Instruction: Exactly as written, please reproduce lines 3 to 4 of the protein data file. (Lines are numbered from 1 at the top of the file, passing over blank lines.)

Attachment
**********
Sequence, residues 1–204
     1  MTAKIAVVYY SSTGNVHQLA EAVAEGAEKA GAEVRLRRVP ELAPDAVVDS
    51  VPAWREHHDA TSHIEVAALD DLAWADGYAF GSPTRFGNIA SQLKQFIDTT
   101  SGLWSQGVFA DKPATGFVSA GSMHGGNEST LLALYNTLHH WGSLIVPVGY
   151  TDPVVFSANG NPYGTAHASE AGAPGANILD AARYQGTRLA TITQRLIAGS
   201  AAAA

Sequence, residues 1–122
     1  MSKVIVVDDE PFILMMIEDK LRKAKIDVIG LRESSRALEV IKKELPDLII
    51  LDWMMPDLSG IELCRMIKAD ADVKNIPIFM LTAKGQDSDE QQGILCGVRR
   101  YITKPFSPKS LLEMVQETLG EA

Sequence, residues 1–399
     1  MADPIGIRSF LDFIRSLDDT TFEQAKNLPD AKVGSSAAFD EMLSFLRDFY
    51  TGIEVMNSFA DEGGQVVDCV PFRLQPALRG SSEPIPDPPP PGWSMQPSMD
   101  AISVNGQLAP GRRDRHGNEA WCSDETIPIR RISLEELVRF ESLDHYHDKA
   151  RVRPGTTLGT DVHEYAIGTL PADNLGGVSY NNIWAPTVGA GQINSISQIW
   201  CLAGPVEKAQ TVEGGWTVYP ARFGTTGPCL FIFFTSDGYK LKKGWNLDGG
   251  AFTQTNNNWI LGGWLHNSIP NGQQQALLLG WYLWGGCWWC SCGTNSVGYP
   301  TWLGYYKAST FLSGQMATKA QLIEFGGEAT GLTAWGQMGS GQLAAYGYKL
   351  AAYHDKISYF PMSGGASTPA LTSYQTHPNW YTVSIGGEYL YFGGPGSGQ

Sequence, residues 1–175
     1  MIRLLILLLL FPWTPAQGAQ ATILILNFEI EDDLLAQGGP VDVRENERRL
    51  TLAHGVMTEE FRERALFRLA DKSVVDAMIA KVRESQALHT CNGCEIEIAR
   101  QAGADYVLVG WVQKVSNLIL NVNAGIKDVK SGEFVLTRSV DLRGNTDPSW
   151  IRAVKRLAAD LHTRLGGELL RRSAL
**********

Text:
    51  VPAWREHHDA TSHIEVAALD DLAWADGYAF GSPTRFGNIA SQLKQFIDTT
   101  SGLWSQGVFA DKPATGFVSA GSMHGGNEST LLALYNTLHH WGSLIVPVGY